Well, depending on your email provider, you can often define several different email addresses that are all delivered into the same mailbox. For example, it’s not at all uncommon for various standard email addresses like “[email protected]”, “[email protected]”, “[email protected]” and so on, to all be delivered into the same mailbox – the mailbox of the administrator for that mail server. I actually go so far as to have many email addresses on my “askleo.com” domain, but only one account. All the email on that domain is delivered to that single account. (I then use rules and filters to sort the email, based on what address it was sent to.)
Your choice of server operating system will most likely come down to which tools you prefer to use. For example, if you want to build websites with WordPress or you need to use advanced scripting like Ruby or Python, Linux is usually the best option. But if your project requires ASP.NET or other Microsoft-based technologies, you should probably select Windows.
The bottom line is that if you have paid money to own a domain then you should, at the least, buy from a domain registrar that offers email forwarding for their accounts (we prefer Namecheap who do include free email forwarding). You can also create a domain email address from the cpanel given to you by your hosting providers—they’ll also provide at least one free email address for your account.
Ultimately, it boils down to a balance between cost, features, and risk. It's always tempting to simply jump on the lowest-cost solution, but the fact that email is ubiquitous keeps this from being the smart play. It's nearly impossible to escape using it, which means your users, your customers, and the guts of your business have all come to depend on it in different ways. You need to discover those ways, evaluate them, and then choose a service that either meets or improves on them. This takes time, discussion with your IT staff, and some investigation; these are steps you don't want to skip. Otherwise, you'll pay for it later.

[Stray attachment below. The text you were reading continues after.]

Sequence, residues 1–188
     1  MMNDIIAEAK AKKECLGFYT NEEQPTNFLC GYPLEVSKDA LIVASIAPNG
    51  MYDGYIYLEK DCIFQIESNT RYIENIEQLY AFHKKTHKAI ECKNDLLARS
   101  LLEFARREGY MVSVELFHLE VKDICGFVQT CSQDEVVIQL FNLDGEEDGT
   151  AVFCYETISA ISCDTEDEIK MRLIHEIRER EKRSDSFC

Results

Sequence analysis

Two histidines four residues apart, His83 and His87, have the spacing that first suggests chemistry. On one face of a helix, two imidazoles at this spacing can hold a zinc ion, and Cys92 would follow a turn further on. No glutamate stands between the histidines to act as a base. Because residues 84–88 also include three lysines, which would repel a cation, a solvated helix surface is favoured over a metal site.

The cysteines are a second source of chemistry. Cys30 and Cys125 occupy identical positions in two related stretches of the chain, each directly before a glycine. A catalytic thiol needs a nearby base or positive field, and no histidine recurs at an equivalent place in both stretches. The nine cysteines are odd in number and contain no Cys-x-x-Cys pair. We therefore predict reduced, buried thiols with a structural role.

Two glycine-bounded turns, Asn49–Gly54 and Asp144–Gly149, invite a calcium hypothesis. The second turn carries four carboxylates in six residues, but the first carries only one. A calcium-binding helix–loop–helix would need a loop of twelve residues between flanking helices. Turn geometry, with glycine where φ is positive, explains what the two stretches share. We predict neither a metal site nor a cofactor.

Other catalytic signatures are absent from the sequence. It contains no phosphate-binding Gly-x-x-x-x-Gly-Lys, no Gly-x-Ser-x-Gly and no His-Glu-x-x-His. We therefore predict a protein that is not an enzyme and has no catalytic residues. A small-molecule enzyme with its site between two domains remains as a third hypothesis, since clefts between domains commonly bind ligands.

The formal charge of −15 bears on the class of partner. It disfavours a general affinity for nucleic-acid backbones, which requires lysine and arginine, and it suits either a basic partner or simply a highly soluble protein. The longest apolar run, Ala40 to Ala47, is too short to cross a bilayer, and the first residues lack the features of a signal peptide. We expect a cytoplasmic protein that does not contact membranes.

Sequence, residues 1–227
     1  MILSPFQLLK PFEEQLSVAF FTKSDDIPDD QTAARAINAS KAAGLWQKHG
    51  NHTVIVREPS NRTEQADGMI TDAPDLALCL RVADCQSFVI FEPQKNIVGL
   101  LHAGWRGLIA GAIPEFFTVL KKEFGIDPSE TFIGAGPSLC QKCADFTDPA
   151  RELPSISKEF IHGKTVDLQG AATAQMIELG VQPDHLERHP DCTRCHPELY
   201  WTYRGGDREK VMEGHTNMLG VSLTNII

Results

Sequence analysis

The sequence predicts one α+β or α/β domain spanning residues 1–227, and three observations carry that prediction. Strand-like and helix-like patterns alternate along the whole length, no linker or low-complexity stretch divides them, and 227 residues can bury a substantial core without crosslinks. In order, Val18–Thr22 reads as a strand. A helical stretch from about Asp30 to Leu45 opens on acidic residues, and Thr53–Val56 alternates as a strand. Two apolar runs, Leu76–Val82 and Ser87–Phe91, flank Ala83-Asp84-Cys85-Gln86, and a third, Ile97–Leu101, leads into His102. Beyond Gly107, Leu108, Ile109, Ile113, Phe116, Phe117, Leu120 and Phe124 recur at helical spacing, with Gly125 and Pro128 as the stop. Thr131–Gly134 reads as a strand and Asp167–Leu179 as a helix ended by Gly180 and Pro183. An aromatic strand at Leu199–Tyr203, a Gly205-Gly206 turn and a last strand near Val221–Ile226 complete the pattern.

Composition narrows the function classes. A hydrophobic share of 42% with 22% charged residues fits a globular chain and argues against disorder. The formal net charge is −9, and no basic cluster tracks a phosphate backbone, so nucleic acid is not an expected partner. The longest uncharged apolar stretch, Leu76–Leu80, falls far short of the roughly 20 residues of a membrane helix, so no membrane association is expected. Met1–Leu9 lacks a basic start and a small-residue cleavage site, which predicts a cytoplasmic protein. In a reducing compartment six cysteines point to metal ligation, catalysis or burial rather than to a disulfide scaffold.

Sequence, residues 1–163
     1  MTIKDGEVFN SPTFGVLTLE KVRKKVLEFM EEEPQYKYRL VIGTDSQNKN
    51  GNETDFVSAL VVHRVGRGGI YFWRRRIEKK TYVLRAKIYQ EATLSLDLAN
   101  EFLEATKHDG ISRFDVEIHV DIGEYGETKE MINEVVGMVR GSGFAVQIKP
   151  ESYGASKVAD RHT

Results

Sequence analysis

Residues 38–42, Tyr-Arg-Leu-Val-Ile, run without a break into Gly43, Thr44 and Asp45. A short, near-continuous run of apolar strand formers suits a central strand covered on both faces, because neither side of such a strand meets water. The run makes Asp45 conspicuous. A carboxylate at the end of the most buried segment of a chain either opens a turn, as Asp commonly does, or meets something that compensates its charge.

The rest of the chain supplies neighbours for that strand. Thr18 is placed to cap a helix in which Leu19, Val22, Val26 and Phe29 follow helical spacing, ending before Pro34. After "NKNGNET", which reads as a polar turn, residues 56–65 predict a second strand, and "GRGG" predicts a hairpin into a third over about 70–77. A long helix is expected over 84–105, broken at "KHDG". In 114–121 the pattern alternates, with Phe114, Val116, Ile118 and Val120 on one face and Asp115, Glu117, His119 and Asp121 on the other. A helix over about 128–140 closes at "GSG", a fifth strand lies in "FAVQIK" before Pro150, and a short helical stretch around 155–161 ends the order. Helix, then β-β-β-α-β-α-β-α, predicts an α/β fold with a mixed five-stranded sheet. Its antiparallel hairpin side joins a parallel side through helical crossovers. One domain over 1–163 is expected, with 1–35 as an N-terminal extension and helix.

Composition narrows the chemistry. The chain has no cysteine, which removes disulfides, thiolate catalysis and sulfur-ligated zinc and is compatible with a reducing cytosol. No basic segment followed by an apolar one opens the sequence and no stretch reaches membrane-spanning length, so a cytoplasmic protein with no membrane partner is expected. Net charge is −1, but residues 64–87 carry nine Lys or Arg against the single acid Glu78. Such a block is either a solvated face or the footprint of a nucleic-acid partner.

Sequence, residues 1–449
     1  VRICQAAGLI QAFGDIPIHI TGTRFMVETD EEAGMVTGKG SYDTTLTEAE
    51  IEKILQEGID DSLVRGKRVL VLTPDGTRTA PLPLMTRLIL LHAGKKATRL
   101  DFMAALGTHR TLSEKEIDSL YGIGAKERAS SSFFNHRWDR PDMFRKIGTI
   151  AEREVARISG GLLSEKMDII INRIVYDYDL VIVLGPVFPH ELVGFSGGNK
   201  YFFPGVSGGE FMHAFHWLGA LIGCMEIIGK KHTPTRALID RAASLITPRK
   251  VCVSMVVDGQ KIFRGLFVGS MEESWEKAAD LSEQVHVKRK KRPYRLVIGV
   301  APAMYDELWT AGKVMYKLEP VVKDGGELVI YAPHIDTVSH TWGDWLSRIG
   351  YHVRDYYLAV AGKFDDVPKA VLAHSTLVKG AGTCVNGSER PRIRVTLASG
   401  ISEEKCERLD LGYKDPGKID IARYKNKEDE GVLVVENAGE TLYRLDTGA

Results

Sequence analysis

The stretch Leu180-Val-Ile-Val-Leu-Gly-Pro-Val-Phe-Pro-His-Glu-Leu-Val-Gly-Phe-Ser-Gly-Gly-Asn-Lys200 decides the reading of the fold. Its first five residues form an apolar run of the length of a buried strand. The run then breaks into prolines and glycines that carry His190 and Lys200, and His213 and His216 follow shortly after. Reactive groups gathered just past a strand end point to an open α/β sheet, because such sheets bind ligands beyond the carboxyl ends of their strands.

Even businesses with dedicated on-site IT staff have seen the wisdom of moving their email service. The advantages include per-person cost averages, cutting-edge security, cheap email storage, and simple ease of connectivity and deployment. While these advantages hold true for most organizations, there are not only exceptions but also hidden "gotchas" you should look for before selecting a cloud-hosted email provider.
Availability, price and employee familiarity often determines which operating systems are offered on dedicated servers. Variations of Linux and Unix (open source operating systems) are often included at no charge to the customer. Commercial operating systems include Microsoft Windows Server, provided through a special program called Microsoft SPLA. Red Hat Enterprise is a commercial version of Linux offered to hosting providers on a monthly fee basis. The monthly fee provides OS updates through the Red Hat Network using an application called Yum. Other operating systems are available from the open source community at no charge. These include CentOS, Fedora Core, Debian, and many other Linux distributions or BSD systems FreeBSD, NetBSD, OpenBSD.
If you’re a startup or a small- to medium-sized business, iPage offers low-cost options that are great for small or growing companies on a budget. With your free domain name registration, you get hosting for unlimited domains and emails, plus $150 in free advertising credits, should you need to market a new website as well. The host’s email tools include webmail, autoresponders, email forwarding, and security features like SPAM filters and virus protection.
Microsoft offers software licenses through a program called the Service Provider License Agreement. The SPLA model provides use of Microsoft products through a monthly user or processor based fee. SPLA software includes the Windows Operating System, Microsoft SQL Server, Microsoft Exchange Server, Microsoft SharePoint and shoutcast hosting, and many other server based products.
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